Left: Andy Warhol, Vinyl, 1965, still from a black-and-white film in 16 mm, 66 minutes. Gerard Malanga. Right: Andy Warhol, Screen Test #2, 1965, still from a black-and-white film in 16 mm, 67 minutes. Mario Montez. Both images © 2009 The Andy Warhol Museum, Pittsburgh, a museum of Carnegie Institute. All rights reserved.


DRAMA, AS WE ALL KNOW, IS CONFLICT. Ask any aspiring screenwriter. Conflict between characters, conflict within characters, conflict between characters and external circumstances. Among the many subversions and perversions that shape the film oeuvre of Andy Warhol, the treatment of conflict is paramount. In the films of the silent period, which by and large are portraits—the four-and-a-half minute Screen Tests and the longer single-subject movies such as Eat (1964) or Henry Geldzahler (1964)—conflict resides within the person on the screen and usually involves the ambivalent emotions and impulses that arise when one finds oneself on camera with no specific instructions on how to fill time. This conflict may also apply to the viewer, who may feel similarly ambivalent about sitting through (enduring) a movie in which time and drama are so relentlessly split apart. “Should I stay or should I go?”—the apropos lyric for the audience, especially when faced with a movie, no matter its visual pleasures, where the subject is unconscious (Sleep [1963]) or inanimate (Empire [1964]).

It’s not surprising, then, that when Warhol began to avail himself of the sync-sound capability of the Auricon camera (largely used in the 1960s for news gathering), all hell broke loose. The Warhol talkies are defined by the extraordinary level of verbal abuse hurled by the actors at one another. And yet for all the arguing, sniping, and fighting, the talkies are hardly any more dramatic than the silents, since the arguments themselves have no resolution and effect no change. Inertia prevails.

The Anthology Film Archives series “Beyond the Absurd: Ronald Tavel & Andy Warhol” includes ten of the talkies on which Warhol collaborated with Tavel, the playwright who coined the name the Theatre of the Ridiculous. (Tavel’s program note for the first Theatre of the Ridiculous stage production, the 1965 double bill of his one-act plays Shower and The Life of Juanita Castro, succinctly states: “We have passed beyond the absurd: Our position is absolutely preposterous.”) According to Callie Angell, Warhol scholar and author of the catalogue raisonné on the Warhol films, the difference between the Warhol-Tavel collaborations and Warhol’s other talkies is that Tavel’s screenplays had an explicit agenda that Warhol, the director, tried to subvert or foil. Drama, therefore, was built into the film object through this calculated conflict between the vision of the writer and that of the director, rather than being implicit in narrative or performance.

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Andy Warhol, Vinyl, 1965. (Excerpt)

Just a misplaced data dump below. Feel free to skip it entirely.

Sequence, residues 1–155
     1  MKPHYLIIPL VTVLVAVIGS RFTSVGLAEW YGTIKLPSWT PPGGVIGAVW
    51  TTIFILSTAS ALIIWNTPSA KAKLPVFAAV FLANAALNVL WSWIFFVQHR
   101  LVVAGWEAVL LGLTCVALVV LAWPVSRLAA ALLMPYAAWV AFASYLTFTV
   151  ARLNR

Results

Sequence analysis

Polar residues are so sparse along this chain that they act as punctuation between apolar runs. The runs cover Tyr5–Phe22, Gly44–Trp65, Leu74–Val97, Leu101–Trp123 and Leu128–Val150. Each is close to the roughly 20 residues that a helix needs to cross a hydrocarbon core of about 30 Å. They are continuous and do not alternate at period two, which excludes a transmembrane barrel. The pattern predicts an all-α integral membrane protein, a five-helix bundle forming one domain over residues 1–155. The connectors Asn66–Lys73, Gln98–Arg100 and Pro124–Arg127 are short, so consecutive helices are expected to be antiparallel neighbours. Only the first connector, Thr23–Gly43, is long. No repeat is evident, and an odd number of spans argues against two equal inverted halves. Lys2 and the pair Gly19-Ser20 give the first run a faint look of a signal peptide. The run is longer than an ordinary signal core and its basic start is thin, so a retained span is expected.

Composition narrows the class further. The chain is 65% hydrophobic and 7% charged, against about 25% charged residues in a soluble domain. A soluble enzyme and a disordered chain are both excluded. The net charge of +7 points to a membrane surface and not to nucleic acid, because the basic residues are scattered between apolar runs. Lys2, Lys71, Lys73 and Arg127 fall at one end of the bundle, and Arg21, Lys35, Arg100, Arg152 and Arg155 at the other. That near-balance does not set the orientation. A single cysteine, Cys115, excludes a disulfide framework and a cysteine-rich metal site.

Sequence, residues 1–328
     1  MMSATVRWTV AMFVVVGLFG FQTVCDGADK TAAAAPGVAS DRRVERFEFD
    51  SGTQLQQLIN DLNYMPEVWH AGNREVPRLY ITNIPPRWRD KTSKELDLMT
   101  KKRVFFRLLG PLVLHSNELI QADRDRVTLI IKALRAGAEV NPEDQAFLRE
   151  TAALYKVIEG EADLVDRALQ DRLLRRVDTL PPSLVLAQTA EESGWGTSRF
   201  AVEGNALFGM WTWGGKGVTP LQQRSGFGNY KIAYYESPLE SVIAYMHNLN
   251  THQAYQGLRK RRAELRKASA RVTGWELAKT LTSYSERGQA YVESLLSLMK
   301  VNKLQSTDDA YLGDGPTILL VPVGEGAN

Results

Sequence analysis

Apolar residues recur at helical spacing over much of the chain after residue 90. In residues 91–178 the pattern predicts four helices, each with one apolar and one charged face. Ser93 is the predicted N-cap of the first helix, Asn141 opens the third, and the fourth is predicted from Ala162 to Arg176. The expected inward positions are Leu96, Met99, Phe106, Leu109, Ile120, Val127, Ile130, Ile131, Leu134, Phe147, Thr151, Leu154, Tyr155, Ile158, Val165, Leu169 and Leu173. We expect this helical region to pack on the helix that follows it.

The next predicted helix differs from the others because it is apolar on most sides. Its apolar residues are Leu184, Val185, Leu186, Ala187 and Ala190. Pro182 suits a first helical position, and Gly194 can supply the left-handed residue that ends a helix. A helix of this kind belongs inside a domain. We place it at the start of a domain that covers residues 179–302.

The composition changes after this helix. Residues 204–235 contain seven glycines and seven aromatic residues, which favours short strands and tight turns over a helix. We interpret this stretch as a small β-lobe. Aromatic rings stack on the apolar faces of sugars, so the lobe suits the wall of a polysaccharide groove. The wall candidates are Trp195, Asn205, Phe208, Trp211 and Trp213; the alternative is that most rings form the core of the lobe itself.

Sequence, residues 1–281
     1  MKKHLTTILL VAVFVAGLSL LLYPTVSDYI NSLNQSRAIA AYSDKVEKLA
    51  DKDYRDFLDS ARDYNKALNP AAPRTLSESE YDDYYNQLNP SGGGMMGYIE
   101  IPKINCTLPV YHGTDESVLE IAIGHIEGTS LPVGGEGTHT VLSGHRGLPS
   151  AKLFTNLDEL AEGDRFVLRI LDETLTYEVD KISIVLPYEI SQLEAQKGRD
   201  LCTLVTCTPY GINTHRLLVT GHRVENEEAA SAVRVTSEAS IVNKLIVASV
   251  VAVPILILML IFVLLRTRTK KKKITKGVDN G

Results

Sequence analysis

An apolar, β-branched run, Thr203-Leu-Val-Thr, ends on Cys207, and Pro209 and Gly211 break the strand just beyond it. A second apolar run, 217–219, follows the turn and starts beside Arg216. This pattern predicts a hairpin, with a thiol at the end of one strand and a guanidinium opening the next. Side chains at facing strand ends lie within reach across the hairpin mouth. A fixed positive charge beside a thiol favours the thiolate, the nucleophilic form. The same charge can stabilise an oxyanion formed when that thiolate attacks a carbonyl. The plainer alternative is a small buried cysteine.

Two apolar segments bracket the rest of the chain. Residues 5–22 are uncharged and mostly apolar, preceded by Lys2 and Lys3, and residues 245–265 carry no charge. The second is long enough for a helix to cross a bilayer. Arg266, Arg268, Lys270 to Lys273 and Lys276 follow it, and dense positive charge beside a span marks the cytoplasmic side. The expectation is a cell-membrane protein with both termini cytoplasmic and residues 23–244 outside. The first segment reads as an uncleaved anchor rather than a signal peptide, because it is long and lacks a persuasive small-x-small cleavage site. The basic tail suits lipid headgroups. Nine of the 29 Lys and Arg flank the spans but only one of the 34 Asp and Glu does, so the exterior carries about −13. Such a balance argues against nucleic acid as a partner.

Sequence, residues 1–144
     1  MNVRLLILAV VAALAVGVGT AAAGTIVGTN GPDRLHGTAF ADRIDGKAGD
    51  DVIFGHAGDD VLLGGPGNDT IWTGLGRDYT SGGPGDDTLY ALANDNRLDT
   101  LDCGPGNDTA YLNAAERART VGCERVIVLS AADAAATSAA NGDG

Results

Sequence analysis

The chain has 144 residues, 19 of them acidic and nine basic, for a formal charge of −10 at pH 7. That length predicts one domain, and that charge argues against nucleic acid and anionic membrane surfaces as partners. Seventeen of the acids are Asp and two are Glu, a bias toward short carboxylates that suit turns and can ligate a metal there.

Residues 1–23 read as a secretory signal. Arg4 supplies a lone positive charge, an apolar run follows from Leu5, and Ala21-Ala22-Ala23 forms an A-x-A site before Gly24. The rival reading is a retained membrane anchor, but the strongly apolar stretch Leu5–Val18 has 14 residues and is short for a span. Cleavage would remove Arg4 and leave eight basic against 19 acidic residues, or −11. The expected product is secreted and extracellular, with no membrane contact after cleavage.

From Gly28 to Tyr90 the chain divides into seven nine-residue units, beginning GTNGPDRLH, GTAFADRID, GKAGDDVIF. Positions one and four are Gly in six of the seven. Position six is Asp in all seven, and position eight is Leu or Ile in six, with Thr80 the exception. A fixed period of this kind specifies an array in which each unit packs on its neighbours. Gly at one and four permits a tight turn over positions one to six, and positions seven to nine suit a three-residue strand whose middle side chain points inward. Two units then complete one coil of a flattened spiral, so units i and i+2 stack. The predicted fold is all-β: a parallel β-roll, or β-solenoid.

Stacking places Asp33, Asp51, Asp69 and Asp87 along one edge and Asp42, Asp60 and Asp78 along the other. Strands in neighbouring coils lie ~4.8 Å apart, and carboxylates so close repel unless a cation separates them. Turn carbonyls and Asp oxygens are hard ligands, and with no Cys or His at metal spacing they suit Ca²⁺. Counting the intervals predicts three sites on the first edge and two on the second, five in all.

For example, Vinyl (1965), Tavel’s reimagining of Anthony Burgess’s 1962 novel A Clockwork Orange, was written for an all-male cast. Sixty-six minutes long, it was shot from a single fixed-camera position, and the deep-space Renaissance perspectival composition is among Warhol’s richest and most elegant. The action in the foreground involves the “re-education” of a self-described “JD” (Gerard Malanga), who is chained, whipped, and tortured by various supposed agents of the police state. The actors read their lines from a script, and their rough-trade posing is unconvincing even as parody. In the shadowy recesses of the image, however, another man is being stripped and beaten, and although it is difficult to make out exactly what is transpiring, something about the brutality seems disturbingly real. At the last minute, Warhol threw a cog into the dialectic of Tavel’s exclusively homoerotic s/m machine by giving Edie Sedgwick, his newly discovered Park Avenue superstar, a nonspeaking role. Sedgwick is positioned in the extreme right foreground, her bare arms and platinum-hair-topped visage dazzlingly white—literally and figuratively, she’s overexposed. Chain-smoking, occasionally laughing at nothing in particular while attempting to ignore the meaning of the fictitious spectacle occurring next to her and the actuality of a man being tortured, perhaps not unpleasurably, behind her, she is, in Hollywood lingo, the fish out of water and, in the complete otherness of her gender and class, the most perversely fascinating object on the screen.

Vinyl and The Chelsea Girls (1966), for which Tavel scripted two sequences, are the most familiar films in the series. Among the other must-sees: Kitchen (1965), one of the funniest of the Sedgwick vehicles; Space (1965), which gives the lie to the myth that Warhol never moved the camera; and Hedy (1966), Screen Test #2 (1965), and Harlot (1964), all of which star Mario Montez, the most intense and moving of the drag queens adored by the cameras of both Warhol and Jack Smith. Montez, who lives in Florida and performed publicly for the first time in decades at a recent Smith conference in Berlin, may be present at some of the screenings on December 13 and 14. Angell will introduce Screen Test #1 and Screen Test #2 tonight (December 10). Tavel, sadly, died suddenly this past March at age seventy-two. His website, ronaldtavel.com lives on, and there you will find, in addition to most of his plays and screenplays, his brilliant reflections on Warhol, Smith, and the still resistant, still resonant underground movie and theater scene of the ’60s, in which he played no small part.

“Beyond the Absurd: Ronald Tavel & Andy Warhol,” runs December 10–17 at Anthology Film Archives in New York. Warhol scholar Callie Angell introduces Screen Test #1 on Thursday, December 10. For more details, click here.

Amy Taubin